Prime wrote:
Given the context of the movie it is difficult to rationalise how there can be an expectation indeed a firm belief that no offensive language would occur.
 Prime acknowledged that it did not warn viewers about the language contained in Marathon Man. However, it said it considered that the use of the language was "mitigated" by the genre of the movie, its AO rating, the time of broadcast of the language and because the language "was used within context and was not gratuitous".
 Prime upheld the complaint and apologised to the complainant. It also advised her that appropriate staff had been advised of their:
collective responsibility with emphasis on not making assumptions on behalf of viewers and that warnings must be specific in nature.
 As she was dissatisfied with Prime’s response to her complaint, Mrs Charlton referred the complaint to the Authority. She considered that Prime should warn viewers about offensive language. In addition, she said she had been given no assurance that Prime would, in future, warn viewers about offensive language.
 In its report to the Authority, Prime commented that it had reviewed its current warnings based on those used by TVNZ and Canwest, and as a result an additional warning had been produced which incorporates language and violence elements.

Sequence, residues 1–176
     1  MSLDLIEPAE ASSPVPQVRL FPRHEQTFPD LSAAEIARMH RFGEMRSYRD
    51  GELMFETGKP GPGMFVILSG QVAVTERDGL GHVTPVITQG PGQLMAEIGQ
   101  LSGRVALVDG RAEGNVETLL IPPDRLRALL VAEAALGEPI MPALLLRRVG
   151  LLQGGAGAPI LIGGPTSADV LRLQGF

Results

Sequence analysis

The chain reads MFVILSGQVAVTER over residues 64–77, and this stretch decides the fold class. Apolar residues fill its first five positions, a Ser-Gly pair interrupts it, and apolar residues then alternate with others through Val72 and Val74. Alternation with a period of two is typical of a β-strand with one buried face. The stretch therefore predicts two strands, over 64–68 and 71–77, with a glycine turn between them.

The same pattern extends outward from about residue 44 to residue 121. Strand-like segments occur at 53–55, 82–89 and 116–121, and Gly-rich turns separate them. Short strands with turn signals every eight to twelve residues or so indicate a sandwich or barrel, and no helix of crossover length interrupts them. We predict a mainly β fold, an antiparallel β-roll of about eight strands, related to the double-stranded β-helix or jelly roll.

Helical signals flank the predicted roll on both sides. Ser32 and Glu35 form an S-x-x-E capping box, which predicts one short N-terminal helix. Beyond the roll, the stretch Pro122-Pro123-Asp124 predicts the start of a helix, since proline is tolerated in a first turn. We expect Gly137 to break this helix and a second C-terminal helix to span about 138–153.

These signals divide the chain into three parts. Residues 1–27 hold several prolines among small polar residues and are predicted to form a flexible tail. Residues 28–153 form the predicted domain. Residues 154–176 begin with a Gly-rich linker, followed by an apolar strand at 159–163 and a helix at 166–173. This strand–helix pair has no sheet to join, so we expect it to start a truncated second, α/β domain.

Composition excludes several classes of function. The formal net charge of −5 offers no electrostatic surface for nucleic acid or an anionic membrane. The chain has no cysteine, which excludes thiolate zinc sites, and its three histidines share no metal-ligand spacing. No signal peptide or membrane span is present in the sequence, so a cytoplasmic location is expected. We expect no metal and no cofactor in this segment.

In the complainant’s final comment, Mrs Charlton said she was:
"quite happy" that Prime will now issue a warning before programmes re "coarse language".
 She also commented:
if Prime had followed procedures in the first place all this correspondence could have been avoided!
 Prime Television upheld Mrs Charlton’s complaint that the broadcast of the film Marathon Man breached Standard 1 of the Television Code as it was not preceded by a warning that the film contained offensive language. Prime advised that the appropriate staff had been reminded of the need to include specific warnings when appropriate. Mrs Charlton was dissatisfied that she had not received an assurance from Prime that it would, in future, warn viewers about offensive language. Prime informed the Authority that it had reviewed the content of the warnings used by other free-to-air broadcasters and, as a result, had revised the wording it used. Mrs Charlton was advised of Prime’s actions and expressed her satisfaction that warnings would refer to "coarse language" when the programme contained offensive language.
 Likewise, the Authority considers that Prime has responded responsibly to Mrs Charlton’s concerns. Accordingly, it concludes that Prime’s action, having upheld the complaint, was sufficient.
 The Authority observes that to impose an order on this occasion would be to apply the Broadcasting Act 1989 in such a way as to limit freedom of expression in a manner which is not reasonable or demonstrably justifiable in a free and democratic society (s.5 of the New Zealand Bill of Rights Act 1990). As required by s.6 of the New Zealand Bill of Rights Act, the Authority adopts an interpretation of the relevant standards and applies them in a manner which it considers is consistent with and gives full weight to the provisions of the New Zealand Bill of Rights Act.
For the above reasons, the Authority declines to uphold the complaint that the action taken by Prime Television New Zealand Ltd was insufficient.
Signed for and on behalf of the Authority
22 August 2002
The following correspondence was received and considered by the Authority when it determined this complaint: